Facebook was the social media network most used to organize the Jan. 6 Capitol riot, an analysis of Department of Justice (DOJ) charging documents shows.
The Program on Extremism at George Washington University has collected the indictments of 223 people who have been charged for participating in the Jan. 6 Capitol riot, which temporarily delayed the certification of President Joe Biden’s Electoral College victory. Facebook was used by 73 of the people charged with crimes, more than all other social media sites combined, according to a Forbes analysis.
New – An analysis of 226 DOJ charging documents shows Facebook was far and away the most used social media platform used by those charged in the January 6 siege of Capitol Hill.https://t.co/Ut6k7Xu29h?
— Thomas Brewster (@iblametom) February 7, 2021
Alternative social media site Parler was banned from using Amazon’s online infrastructure in the wake of the riot due its alleged connection to the violence, but was only used by eight people charged, Forbes reported. Both Apple and Google removed Parler from their app stores. (RELATED: Twitter’s Jack Dorsey Ripped For Tweet That Seemed To Mock Parler’s Deplatforming)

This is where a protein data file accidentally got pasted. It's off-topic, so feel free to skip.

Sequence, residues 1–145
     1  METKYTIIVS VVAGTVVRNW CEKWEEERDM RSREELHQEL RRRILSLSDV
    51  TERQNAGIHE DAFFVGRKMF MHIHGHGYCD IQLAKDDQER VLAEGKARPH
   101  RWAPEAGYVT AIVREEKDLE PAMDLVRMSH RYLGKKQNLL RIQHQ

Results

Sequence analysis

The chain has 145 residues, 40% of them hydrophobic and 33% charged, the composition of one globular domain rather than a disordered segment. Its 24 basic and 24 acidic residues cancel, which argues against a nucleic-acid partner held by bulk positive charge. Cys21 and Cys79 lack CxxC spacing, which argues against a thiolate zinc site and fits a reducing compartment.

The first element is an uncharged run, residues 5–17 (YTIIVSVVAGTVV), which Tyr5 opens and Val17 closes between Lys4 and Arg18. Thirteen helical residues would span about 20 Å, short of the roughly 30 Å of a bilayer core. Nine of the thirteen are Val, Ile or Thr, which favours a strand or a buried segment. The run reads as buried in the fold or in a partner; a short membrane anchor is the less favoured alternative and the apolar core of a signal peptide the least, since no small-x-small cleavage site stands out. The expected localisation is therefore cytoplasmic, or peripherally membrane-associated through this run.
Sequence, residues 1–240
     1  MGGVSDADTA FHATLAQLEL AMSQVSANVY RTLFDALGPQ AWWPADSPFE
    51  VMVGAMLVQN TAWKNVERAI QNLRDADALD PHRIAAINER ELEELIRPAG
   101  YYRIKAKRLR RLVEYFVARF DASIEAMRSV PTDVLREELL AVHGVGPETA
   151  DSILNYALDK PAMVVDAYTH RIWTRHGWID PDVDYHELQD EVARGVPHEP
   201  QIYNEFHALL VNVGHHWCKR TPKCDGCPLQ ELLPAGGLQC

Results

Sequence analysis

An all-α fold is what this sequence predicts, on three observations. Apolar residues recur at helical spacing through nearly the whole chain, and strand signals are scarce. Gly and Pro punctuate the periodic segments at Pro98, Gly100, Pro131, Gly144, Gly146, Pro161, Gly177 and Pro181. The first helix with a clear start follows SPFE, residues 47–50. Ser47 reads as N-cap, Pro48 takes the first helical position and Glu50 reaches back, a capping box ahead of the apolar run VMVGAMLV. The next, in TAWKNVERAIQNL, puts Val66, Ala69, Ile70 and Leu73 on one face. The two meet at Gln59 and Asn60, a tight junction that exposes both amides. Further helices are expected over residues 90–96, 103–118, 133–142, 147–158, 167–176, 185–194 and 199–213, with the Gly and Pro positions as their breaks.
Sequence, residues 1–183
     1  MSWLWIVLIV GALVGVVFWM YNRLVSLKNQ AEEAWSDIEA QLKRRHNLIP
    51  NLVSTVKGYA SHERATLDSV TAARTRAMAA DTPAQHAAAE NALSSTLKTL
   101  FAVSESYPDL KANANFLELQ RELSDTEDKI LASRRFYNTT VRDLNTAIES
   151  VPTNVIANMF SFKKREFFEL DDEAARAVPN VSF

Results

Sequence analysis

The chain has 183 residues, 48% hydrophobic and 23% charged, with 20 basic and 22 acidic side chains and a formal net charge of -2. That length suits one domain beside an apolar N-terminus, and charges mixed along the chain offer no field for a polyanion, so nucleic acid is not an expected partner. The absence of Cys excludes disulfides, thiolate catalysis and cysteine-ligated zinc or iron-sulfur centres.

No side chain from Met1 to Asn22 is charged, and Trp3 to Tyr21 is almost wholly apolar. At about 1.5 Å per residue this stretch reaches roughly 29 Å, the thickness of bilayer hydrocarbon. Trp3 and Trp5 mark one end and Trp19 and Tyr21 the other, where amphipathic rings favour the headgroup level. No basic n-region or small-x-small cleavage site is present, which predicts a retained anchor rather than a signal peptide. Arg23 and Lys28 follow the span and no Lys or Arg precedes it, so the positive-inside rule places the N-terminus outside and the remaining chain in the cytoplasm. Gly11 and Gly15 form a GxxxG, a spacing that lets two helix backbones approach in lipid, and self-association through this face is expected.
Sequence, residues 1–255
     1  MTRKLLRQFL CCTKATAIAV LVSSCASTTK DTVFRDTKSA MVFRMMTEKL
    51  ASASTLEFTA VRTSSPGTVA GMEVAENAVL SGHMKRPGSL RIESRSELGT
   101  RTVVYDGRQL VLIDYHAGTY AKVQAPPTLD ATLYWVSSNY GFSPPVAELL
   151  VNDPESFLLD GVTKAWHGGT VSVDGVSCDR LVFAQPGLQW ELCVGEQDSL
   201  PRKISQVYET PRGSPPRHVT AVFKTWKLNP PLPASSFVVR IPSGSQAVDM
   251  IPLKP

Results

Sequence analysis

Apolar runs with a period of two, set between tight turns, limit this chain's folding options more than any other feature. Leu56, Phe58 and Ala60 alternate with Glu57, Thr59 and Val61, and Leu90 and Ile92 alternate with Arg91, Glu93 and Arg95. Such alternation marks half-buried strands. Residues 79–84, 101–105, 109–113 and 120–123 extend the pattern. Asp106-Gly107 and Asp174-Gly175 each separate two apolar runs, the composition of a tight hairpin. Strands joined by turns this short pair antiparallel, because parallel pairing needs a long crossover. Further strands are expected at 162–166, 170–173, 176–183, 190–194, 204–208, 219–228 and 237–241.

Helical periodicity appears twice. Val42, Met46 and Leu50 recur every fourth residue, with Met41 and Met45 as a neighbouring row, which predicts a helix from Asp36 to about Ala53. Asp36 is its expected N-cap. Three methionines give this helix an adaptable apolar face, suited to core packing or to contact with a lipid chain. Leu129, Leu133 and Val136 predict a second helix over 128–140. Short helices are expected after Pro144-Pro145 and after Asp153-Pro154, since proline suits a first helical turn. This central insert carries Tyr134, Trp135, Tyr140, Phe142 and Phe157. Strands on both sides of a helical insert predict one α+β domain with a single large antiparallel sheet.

Parler did not immediately respond to a request for comment from the Daily Caller.
Facebook Chief Operating Officer Sheryl Sandberg had previously assigned culpability for the riot to Parler and Gab, another smaller platform.
“I think these events were largely organized on platforms that don’t have our abilities to stop hate, don’t have our standards and don’t have our transparency,” she said on Jan. 11, according to The Washington Post. Facebook did not immediately respond to a request for comment from the Daily Caller.
Facebook has struggled in the past to moderate content from extremist groups on both the left and the right. A New Zealand man who killed 49 worshipers at a mosque in 2019 used the Facebook Live feature to film the mass shooting.
Facebook announced in August 2020 that it would limit the ability of far-left groups under the antifa umbrella to organize on the platform. The social media giant removed over 900 groups and 500 individual pages associated with antifa at the time.